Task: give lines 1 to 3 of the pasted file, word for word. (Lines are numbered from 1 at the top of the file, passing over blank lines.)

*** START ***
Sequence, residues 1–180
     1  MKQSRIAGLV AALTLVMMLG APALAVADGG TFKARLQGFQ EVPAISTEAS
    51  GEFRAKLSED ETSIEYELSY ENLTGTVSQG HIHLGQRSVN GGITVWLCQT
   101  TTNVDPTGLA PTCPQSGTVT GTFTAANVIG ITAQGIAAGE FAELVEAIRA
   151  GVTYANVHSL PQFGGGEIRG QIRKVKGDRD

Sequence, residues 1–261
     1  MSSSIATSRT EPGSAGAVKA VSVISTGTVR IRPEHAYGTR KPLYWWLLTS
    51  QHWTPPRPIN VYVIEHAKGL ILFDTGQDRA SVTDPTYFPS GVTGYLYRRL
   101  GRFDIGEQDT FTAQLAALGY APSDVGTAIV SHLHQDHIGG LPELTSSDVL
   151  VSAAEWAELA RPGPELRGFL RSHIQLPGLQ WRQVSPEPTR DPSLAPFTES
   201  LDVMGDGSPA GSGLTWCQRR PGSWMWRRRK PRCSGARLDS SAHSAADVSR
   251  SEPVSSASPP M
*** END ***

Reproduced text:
Sequence, residues 1–180
     1  MKQSRIAGLV AALTLVMMLG APALAVADGG TFKARLQGFQ EVPAISTEAS
    51  GEFRAKLSED ETSIEYELSY ENLTGTVSQG HIHLGQRSVN GGITVWLCQT